If there was ever a time when people could absolutely rely on the power company no matter what happened, having confidence that the power would be on and available in sufficient quantity to meet the needs of everyone at all times, this is no longer the case. Power outages are becoming a fact of life. Forward-thinking individuals have recognized this and are making preparations to supply their own power needs, at least over short periods of time.
For most people, this means that they are considering the purchase of a backup generator to tide them over when the main power is not online. They often find out that purchasing a generator requires them to answer a number of questions they have never thought about before.
Selecting a Fuel Source
For starters, they need to think about what sort of fuel is needed to power their new generator. The options include tying into the home natural gas or propane supply, running it on diesel, or choosing a generator that runs on gasoline. Each method has its own set of advantages and drawbacks.
For most people, a portable gas generator is where they start. These generally cost less than the other options. The big drawback is that these are also the shortest-lived units and require the storage of volatile gasoline on the property. Diesel generators cost more but last longer. Whole-home generators that are tied into the regular propane or natural gas supply are the most expensive but also the most durable and usually provide more power than the other two options.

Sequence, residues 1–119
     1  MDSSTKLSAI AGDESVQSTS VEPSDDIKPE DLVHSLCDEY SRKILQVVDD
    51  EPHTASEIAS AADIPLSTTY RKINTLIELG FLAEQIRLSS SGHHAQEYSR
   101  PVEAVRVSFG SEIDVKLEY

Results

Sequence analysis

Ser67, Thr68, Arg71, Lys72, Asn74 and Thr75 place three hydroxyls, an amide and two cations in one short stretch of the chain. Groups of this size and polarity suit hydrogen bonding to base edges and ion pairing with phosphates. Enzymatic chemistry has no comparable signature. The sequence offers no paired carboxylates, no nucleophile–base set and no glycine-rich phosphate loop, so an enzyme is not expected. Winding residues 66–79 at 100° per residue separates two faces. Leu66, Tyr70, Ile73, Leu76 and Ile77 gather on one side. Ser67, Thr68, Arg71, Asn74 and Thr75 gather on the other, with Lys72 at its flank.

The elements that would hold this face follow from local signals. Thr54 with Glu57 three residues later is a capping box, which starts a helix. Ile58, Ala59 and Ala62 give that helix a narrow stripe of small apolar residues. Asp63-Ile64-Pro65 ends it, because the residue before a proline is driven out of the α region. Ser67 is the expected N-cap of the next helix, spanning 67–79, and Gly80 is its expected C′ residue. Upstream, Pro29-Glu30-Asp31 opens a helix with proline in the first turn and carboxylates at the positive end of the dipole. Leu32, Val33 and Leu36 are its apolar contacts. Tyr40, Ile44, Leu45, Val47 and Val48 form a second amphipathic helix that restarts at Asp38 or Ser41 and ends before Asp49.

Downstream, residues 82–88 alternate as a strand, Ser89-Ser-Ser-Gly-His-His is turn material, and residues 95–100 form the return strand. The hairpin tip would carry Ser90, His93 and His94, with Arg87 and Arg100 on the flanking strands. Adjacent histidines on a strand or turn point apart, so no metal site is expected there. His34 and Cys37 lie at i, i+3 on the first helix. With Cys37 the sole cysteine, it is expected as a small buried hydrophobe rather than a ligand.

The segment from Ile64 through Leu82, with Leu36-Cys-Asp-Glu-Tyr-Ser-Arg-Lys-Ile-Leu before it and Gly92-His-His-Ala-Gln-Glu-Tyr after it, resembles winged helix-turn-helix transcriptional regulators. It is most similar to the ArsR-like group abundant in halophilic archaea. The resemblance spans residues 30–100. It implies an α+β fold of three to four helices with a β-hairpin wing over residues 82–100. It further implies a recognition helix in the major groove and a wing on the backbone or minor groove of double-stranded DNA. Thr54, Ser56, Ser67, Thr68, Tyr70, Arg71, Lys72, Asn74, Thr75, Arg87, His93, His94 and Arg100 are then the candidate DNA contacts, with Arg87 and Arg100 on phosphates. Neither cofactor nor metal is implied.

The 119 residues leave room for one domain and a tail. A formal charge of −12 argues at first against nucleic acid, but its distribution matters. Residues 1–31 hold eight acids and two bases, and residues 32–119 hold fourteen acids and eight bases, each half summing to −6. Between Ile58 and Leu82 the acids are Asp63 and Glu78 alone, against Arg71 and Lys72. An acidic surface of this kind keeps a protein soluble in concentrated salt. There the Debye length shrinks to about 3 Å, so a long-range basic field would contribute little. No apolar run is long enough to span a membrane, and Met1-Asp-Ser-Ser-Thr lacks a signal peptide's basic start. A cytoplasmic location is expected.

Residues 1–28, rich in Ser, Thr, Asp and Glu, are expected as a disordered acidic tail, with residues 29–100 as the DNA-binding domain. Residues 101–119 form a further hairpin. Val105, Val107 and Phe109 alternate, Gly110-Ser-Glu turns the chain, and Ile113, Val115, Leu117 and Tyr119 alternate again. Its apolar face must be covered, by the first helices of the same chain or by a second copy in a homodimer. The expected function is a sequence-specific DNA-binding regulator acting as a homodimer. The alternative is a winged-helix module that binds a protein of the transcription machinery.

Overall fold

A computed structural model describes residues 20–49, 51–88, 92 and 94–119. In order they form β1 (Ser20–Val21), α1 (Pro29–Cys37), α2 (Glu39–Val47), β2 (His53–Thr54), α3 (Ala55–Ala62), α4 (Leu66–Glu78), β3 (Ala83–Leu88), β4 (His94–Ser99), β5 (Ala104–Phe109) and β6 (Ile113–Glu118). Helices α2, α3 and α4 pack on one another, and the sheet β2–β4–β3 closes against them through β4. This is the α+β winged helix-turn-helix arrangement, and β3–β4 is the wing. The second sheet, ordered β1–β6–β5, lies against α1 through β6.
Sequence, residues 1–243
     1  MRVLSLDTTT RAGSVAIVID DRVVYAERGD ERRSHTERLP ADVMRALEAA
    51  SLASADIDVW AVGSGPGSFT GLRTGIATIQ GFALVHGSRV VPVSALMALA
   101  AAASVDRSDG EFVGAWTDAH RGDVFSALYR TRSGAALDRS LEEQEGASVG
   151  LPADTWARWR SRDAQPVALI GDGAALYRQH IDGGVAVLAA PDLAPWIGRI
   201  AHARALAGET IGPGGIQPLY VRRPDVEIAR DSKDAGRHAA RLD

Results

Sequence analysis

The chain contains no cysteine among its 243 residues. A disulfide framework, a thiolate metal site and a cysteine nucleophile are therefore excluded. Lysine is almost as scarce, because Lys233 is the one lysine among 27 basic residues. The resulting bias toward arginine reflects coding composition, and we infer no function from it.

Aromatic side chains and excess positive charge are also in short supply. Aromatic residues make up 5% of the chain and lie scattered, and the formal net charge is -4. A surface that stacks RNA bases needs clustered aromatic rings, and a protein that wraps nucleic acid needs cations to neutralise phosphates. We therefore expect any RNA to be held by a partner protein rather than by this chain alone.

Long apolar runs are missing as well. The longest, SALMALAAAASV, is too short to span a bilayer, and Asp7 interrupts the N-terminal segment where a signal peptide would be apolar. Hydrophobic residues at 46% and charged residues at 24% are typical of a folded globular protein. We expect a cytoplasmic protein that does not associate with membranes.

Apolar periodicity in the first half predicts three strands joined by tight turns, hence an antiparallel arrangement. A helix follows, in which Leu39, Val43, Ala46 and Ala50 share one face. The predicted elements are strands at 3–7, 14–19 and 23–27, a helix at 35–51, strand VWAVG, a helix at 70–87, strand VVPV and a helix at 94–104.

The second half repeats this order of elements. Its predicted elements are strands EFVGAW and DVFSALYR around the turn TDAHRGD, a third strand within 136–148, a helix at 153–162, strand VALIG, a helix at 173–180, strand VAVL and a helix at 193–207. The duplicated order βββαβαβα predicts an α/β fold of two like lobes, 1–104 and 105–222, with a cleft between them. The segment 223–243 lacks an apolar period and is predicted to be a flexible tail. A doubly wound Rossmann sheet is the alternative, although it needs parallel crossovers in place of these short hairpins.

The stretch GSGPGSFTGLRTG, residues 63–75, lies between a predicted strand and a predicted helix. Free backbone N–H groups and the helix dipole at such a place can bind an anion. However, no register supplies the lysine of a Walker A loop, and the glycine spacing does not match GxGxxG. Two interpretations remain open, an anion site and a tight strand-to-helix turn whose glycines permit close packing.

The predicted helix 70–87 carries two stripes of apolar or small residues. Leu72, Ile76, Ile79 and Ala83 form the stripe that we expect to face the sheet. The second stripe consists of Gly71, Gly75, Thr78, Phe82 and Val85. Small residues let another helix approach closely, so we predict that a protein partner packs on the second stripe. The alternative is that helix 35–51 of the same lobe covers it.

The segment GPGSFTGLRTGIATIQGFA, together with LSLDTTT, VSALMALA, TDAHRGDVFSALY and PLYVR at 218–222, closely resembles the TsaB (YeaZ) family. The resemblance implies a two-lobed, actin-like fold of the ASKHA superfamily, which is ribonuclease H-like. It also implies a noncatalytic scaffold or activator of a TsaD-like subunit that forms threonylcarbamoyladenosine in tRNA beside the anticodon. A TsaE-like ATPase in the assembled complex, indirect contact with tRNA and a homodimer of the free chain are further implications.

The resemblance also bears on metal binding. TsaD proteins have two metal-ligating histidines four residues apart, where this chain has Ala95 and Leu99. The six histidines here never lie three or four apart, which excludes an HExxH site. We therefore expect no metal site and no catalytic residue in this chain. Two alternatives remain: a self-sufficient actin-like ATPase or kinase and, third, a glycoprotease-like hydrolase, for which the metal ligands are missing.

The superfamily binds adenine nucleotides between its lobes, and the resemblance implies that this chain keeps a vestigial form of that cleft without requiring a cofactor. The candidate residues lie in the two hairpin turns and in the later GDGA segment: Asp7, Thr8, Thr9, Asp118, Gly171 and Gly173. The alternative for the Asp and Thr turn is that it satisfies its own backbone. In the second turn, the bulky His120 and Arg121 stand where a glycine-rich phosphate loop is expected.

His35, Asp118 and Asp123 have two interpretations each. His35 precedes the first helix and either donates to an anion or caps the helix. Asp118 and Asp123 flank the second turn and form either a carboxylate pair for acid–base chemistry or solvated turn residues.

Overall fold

Size Is Everything
This brings us to the necessity of figuring out just how much power you need, want, or can afford. Small generators cost less and use less fuel, but they also provide a mere fraction of your normal household energy consumption. If you just want to keep the TV on, the phones charged, and the microwave running, this is often your best bet. If you are expecting something more than a temporary outage that will be over in a day or so, you need to think about larger systems that can keep your refrigerator and freezer running and provide at least limited heating, air conditioning, and laundry facilities. Finally, you can think about a whole home system that kicks on automatically and provides as much power as you are currently drawing off the grid. This pretty much means you won’t even know that the power is off for all your neighbors.
The best method of matching your needs for a new generator with an actual system is to consult with a reliable and experienced contractor in the Santa Cruz, CA area such as Fisher Electric. We can assist you in calculating your load requirements and guide you toward the safe installation and operation of any system you might select.